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Ten Lords A-leaping

Vicky APrice19 December 2018

We can go one better than the traditional ‘ten Lords’ and offer you ‘one royal’…

We’re not going to lie to you, this one is a bit tenuous. But we couldn’t resist the opportunity to share one of our most successful outreach projects to date.

Thousands of children have been involved in an immersive First World War education programme that UCL Special Collections have played a key role in delivering. This was part of the Shrouds of the Somme project, one of the major centrepieces of Armistice commemorations that took place at the Queen Elizabeth Olympic Park from Thursday 8 to Sunday 18th November this year.

The Shrouds of Somme project is the brainchild of Artist Rob Heard, who has spent the past five years making more than 72,000 small shrouded figures, each one representing one of the men killed and never recovered from the battled field at the Battle of the Somme. On Thursday 8 November, each of the shrouds were laid out as a graphic reminder of the scale of sacrifice they made in the Great War. The installation welcomed just under 3000 school pupils as well as around 85,000 members of the public.

Photographs of the Shrouds of the Somme installation and artist Rob Heard, courtesy of the Shrouds of the Somme.

UCL Special Collections teamed up with the Commonwealth War Graves Commission and UCL Institute of Education’s First World War Centenary Battlefields Tour Programme to create free online teacher resources, worksheets for visiting schools and a programme of workshops for schools in the neighbouring Olympic Park boroughs (Tower Hamlets, Hackney, Waltham Forest and Newham). Special Collection’s Education Coordinator, Vicky Price, delivered 33 workshops, visiting 12 schools and reaching almost 1000 pupils.

Pupils at Randal Cremer Primary School in a workshop delivered by UCL Special Collections.

Resource packs for Shrouds of the Somme workshops.

The workshops combined historical enquiry with creative writing and used primary resources from UCL‘s College archive. Through exploring archival items like Rosenberg’s student record and a publication of perhaps his most famous poem, Break of Day in the Trenches (in Poetry: a magazine of verse. Vol. IX (3), December 1916 [reprint edition, 1966], STORE Little Magazines), pupils learnt of the poet Isaac Rosenberg, who had been a student at the Slade School of Fine Art. He grew up in a Jewish working class family in Mile End and went to art school to become a painter. When war broke out, he volunteered to fight, sending poetry back to the UK from the trenches. He was killed in France in 1918.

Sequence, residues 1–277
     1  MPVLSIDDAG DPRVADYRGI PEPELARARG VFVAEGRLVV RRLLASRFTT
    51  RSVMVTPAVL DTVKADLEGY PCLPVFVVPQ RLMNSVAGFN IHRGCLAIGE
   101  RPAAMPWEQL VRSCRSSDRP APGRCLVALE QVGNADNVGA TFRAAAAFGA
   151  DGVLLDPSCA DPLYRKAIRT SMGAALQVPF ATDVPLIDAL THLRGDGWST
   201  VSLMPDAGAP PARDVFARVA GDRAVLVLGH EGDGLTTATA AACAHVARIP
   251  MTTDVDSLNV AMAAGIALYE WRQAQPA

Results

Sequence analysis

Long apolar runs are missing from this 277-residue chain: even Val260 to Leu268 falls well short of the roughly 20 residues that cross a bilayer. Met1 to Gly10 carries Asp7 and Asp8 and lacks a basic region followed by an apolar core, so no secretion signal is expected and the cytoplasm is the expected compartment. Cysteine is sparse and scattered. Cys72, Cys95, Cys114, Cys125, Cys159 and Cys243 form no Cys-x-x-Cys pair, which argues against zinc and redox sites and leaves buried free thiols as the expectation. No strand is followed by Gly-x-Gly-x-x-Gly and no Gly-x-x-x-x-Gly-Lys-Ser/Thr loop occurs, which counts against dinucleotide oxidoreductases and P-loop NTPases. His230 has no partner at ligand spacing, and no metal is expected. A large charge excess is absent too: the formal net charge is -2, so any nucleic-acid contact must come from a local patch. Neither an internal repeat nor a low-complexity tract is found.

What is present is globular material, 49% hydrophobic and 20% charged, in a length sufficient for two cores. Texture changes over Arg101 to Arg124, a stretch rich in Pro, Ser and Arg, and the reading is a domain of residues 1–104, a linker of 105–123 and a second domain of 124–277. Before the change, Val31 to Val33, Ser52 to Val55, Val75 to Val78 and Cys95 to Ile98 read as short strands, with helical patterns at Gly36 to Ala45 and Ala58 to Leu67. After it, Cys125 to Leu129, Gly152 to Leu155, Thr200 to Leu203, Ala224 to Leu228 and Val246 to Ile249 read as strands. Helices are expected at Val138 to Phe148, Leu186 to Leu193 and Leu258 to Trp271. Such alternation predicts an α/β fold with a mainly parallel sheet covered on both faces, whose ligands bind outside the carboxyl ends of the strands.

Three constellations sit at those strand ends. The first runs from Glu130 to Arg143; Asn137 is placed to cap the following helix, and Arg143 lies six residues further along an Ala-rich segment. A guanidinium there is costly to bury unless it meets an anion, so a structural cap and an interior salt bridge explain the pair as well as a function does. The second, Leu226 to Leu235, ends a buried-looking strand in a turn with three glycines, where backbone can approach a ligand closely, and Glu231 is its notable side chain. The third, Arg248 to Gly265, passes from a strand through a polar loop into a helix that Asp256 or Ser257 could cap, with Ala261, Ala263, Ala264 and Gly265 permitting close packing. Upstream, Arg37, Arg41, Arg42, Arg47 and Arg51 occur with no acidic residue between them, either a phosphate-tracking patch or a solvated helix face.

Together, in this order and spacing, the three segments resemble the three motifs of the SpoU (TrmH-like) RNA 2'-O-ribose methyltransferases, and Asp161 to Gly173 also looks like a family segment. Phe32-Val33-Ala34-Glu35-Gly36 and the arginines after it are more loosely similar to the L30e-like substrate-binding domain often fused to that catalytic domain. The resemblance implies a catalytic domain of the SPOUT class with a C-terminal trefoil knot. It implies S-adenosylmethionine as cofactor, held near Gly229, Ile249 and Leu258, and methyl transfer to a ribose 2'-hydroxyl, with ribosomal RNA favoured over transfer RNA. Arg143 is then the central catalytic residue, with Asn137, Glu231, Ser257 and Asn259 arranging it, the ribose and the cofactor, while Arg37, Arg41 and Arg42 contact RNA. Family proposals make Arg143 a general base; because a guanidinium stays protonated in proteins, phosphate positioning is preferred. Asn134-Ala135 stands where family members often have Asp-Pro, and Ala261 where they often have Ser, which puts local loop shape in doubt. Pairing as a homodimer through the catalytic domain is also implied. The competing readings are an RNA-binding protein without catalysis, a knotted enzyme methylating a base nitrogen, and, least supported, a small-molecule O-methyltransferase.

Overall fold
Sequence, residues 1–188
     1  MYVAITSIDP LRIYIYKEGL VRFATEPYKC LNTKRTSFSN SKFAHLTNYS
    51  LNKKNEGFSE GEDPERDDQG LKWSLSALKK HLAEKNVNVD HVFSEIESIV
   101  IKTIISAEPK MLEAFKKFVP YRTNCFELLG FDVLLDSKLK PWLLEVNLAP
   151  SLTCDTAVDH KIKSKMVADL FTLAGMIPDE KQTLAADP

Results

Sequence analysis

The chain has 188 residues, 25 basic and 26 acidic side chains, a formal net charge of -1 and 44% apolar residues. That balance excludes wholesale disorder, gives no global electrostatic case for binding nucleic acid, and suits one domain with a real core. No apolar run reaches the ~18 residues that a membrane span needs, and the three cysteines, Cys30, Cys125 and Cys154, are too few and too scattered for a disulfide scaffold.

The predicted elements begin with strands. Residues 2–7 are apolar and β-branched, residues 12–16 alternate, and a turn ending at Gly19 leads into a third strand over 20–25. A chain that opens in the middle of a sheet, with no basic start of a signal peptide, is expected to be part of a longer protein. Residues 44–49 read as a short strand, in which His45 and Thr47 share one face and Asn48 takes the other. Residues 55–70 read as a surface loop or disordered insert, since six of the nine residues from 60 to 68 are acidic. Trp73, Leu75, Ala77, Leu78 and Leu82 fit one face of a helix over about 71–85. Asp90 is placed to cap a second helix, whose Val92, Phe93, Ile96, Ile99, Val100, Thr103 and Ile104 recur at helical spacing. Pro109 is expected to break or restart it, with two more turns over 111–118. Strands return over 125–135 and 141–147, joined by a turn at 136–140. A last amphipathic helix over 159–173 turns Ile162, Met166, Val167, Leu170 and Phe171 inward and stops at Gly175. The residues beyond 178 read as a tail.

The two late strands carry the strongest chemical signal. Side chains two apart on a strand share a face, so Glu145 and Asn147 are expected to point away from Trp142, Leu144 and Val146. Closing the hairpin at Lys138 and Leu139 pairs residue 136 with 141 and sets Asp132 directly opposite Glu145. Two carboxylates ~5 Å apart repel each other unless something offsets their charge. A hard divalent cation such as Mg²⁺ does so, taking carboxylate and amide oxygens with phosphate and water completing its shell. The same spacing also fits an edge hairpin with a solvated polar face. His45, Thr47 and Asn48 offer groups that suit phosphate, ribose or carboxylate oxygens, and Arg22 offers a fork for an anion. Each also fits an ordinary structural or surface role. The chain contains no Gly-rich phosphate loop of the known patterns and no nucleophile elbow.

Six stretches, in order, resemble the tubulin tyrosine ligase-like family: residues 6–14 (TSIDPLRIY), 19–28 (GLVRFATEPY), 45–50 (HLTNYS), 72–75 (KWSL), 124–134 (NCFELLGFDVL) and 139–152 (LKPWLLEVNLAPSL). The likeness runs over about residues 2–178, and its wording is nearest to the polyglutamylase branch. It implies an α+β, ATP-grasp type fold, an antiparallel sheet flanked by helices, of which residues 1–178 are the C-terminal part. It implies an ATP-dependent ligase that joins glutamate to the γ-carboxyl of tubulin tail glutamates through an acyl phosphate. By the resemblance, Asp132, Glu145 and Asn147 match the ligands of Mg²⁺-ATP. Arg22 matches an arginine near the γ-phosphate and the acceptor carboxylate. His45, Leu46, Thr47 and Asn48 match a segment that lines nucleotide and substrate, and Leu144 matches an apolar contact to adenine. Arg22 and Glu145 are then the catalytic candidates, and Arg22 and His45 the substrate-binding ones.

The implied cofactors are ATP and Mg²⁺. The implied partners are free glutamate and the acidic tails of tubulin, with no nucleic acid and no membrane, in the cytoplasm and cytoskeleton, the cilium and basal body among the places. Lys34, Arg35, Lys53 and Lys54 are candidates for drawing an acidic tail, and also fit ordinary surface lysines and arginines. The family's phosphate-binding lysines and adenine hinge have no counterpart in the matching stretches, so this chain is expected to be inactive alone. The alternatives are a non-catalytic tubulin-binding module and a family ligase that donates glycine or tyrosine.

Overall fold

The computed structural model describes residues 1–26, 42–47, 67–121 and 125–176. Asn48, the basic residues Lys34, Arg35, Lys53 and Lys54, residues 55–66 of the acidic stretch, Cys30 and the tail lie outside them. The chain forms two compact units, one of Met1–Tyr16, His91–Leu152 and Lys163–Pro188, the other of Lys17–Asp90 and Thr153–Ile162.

But where does the royalty come in? (I hear you say). Well, we were honoured to be invited to attend a visit by The Princess Royal at the installation site. Vicky Price (UCL Special Collections Education Coordinator) shook the Princess’ hand and explained the work we had done alongside pupils and the Head Teacher from the Bobby Moore Academy.

The Princess Royal meets Vicky Price from UCL Special Collections, alonside pupils and Head Teacher Dr Foley from Bobby Moore Academy at the Shrouds of the Somme installation.

Dante display and other events

Christopher JFripp15 May 2018

Last week saw the launch of a new UCL Special Collections display outside the Donaldson Reading Room entrance on the 1st floor of the Main Library. Dante’s Divine Comedy: Modern Visual Representations features a selection of printed materials inspired by the great medieval Italian poet’s literary masterpiece. Produced over 700 years ago, the Divine Comedy is still celebrated today for its incredible imagery of the afterlife. The twentieth-century publications chosen for the display contain their own distinctive illustrative depictions of Hell, Purgatory, and Paradise, but are united in the way they seek to capture elements of Dante’s extraordinary imagination. The display is scheduled to run until Tuesday 26th June.

Detail from Gyabo Szebó Belá’s untitled woodcut, in La divina commedia: XX stampe in legno – xilogravuri – fametszet – Holzschnitte [Bucharest?]: Dacia, 1976. UCL Special Collections, DANTE FOLIOS DD95 SZA

Running alongside this display and throughout the summer term are two public programmes dedicated to Dante. Weekly readings of the Divine Comedy take place on Monday evenings at the Warburg Institute, Woburn Square (6:00 – 7:30 pm), while talks about Dante, his life and works take place on alternate Tuesday evenings at the Italian Cultural Institute, Belgrave Square (7:00-8:30 pm). Both programmes are free and open to all. On Tuesday 29th May, UCL Special Collections will be at the Italian Cultural Institute to present a selection of highlights from the Dante Collection from 18:00-19:15 pm. In addition, Tabitha Tuckett (Rare-Books Librarian) will be providing expert insights on the Collection in a public talk at 18:30 pm. We hope to see you there.

If you wish to consult materials held by UCL Special Collections, please send enquiries to the following email address: spec.coll@ucl.ac.uk